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Victor Samuel*
 
Department of Biomedical Sciences, University of the Witwatersrand, Johannesburg, South Africa, Email: [email protected]
 
*Correspondence: Victor Samuel, Department of Biomedical Sciences, University of the Witwatersrand, Johannesburg, South Africa, Email: [email protected]

Received: 02-May-2022, Manuscript No. ejbi-22-64688; Editor assigned: 03-May-2022, Pre QC No. ejbi-22-64688(PQ); Reviewed: 17-May-2022 QC No. ejbi-22-64688; Revised: 20-May-2022, Manuscript No. ejbi-22-64688(R); Published: 27-May-2022, DOI: 10.24105/ejbi.2022.18.5.44-45

Citation: Samuel V (2022). Results and Implications for Human Disease Using Swine as a Biomedical Animal Model for T-cell Research. EJBI. 18(5):44-45.

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Abstract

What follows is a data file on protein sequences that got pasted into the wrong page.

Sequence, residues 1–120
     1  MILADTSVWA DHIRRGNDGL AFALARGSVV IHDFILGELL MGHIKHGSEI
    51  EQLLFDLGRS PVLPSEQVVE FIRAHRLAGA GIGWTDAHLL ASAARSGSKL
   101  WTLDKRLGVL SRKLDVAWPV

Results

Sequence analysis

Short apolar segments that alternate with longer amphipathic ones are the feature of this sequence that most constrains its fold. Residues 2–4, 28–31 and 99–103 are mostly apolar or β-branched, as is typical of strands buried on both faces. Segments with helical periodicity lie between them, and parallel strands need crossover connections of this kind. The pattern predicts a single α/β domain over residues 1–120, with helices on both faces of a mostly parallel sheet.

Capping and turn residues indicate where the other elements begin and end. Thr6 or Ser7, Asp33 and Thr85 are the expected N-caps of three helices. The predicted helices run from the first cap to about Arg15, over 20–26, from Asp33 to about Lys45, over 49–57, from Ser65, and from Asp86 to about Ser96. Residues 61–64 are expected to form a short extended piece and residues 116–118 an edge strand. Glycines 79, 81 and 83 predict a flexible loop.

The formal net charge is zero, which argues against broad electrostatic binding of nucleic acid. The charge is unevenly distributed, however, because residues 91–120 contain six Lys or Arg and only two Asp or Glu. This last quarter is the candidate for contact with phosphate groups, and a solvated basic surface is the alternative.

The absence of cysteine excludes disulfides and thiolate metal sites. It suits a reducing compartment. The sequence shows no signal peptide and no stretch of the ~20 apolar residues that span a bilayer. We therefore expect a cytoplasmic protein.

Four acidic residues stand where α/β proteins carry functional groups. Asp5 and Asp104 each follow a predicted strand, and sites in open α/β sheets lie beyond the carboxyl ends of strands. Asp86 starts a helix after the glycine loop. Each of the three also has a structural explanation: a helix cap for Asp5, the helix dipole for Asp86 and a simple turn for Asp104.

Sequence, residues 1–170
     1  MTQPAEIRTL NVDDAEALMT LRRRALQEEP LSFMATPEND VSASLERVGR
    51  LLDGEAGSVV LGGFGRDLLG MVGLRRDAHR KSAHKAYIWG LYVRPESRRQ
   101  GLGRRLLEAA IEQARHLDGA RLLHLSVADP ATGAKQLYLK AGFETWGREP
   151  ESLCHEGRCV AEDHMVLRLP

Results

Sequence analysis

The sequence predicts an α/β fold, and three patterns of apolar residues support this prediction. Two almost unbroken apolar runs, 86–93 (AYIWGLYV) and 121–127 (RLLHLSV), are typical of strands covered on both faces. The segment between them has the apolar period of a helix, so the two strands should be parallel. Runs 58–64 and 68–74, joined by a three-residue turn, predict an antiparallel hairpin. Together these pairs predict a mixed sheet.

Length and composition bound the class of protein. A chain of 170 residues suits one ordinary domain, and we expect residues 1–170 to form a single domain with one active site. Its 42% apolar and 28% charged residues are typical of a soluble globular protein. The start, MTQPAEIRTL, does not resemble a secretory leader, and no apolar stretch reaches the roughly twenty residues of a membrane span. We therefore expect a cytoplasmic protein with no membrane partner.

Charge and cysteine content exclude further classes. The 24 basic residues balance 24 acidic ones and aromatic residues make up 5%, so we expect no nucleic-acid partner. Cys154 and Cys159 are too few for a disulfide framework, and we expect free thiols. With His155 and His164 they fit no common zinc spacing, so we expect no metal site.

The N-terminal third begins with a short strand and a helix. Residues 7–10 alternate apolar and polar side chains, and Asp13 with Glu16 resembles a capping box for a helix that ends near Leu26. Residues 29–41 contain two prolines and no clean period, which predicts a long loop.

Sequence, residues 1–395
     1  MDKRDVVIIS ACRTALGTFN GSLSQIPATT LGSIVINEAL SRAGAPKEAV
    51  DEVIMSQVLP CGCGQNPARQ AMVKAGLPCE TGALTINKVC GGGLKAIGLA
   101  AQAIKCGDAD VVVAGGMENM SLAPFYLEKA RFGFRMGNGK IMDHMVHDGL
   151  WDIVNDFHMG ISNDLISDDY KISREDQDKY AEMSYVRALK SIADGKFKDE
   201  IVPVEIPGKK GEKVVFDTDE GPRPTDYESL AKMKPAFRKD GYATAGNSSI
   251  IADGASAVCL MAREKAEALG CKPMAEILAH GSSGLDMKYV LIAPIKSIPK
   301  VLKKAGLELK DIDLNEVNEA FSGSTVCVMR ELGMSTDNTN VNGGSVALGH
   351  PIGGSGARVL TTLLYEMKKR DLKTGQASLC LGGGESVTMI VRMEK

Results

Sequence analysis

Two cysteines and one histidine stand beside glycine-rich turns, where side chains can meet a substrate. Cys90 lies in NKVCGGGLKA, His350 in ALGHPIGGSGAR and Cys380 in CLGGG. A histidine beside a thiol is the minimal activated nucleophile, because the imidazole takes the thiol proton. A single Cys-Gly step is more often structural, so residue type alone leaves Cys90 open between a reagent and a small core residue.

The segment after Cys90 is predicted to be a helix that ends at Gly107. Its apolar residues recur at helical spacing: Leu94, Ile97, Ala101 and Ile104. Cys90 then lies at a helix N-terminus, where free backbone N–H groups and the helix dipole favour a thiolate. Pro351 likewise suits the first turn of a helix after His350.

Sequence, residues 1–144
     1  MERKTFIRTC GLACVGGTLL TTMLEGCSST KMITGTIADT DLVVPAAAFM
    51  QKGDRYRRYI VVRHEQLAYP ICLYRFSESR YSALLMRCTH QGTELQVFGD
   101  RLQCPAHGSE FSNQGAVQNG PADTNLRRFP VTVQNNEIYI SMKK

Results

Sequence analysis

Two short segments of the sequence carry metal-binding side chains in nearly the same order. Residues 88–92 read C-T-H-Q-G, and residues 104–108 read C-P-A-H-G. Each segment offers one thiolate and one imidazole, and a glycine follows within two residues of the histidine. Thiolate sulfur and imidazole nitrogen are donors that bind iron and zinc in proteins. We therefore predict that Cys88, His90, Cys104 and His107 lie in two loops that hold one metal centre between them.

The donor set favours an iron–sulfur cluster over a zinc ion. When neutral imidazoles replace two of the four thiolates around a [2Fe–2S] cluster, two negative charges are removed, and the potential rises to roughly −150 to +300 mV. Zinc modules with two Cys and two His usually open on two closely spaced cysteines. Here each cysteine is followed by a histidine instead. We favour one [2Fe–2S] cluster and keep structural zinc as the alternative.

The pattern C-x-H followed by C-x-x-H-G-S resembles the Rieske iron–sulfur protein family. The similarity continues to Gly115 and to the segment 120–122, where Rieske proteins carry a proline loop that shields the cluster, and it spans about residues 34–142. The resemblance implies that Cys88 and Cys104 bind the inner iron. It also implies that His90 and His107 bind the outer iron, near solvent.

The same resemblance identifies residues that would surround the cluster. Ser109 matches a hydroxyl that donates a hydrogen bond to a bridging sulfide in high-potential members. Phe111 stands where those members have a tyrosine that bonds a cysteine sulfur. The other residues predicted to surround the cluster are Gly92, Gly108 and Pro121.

Swine is one of the most biologically important large animal models in biomedical research. Swine also provide an attractive choice both for 3R principle and One Biomedical research because of their employment as a domestic animal that can be used as a free cell/ organ source for research and their high vulnerability to human diseases. The pig model’s arguably limited immunological toolkit has previously been one of its most restricting characteristics. This toolkit has dramatically improved in the previous decade, such as the ability to analyse swine T-cells. The swine paradigm for scientific research is summarised in this article, with an emphasis on T lymphocytes. It compares the pig model towards the more often used mouse and nonhuman monkey models before outlining the existing capabilities for characterising and expanding our knowledge of porcine T cells. Following that, it not only considers prior biomedical T-cell research, but also expands into areas where further in-depth T-cell studies could be extremely beneficial to biomedical research. While the former should provide information on swine biomedical T-cell research results, the latter should encourage swine T-cell researchers to collaborate with researchers in other fields such as nourishment, allergy, cancer, organ transplants, infectious illnesses, or vaccine development